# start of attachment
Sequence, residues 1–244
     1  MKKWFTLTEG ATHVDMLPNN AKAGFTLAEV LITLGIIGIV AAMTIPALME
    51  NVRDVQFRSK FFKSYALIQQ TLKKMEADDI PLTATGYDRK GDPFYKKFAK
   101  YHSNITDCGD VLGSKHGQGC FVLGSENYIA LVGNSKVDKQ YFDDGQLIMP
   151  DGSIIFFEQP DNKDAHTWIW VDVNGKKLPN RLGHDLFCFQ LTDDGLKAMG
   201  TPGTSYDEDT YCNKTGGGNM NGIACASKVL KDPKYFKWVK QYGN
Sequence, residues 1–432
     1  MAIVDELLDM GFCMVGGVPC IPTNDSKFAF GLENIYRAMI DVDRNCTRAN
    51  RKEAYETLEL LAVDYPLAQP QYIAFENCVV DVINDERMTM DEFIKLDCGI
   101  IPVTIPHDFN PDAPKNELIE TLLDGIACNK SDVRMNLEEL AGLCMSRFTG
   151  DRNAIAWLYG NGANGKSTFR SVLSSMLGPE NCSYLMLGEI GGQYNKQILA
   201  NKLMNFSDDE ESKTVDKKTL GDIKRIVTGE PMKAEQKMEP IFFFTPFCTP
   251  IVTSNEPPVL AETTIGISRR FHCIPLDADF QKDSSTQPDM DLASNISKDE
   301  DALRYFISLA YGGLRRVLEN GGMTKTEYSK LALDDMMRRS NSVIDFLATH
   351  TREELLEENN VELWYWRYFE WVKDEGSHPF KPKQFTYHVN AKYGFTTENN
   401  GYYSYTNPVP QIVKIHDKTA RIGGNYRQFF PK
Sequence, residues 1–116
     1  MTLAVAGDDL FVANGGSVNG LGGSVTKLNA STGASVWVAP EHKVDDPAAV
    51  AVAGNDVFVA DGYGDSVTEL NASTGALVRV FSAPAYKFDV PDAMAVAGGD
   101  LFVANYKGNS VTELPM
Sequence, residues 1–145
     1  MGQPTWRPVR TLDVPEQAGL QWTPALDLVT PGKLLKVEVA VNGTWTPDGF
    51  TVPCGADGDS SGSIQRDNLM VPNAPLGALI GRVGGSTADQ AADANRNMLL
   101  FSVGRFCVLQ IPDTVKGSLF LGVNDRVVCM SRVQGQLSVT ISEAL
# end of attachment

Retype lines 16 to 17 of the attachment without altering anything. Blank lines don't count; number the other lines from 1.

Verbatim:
   401  GYYSYTNPVP QIVKIHDKTA RIGGNYRQFF PK
Sequence, residues 1–116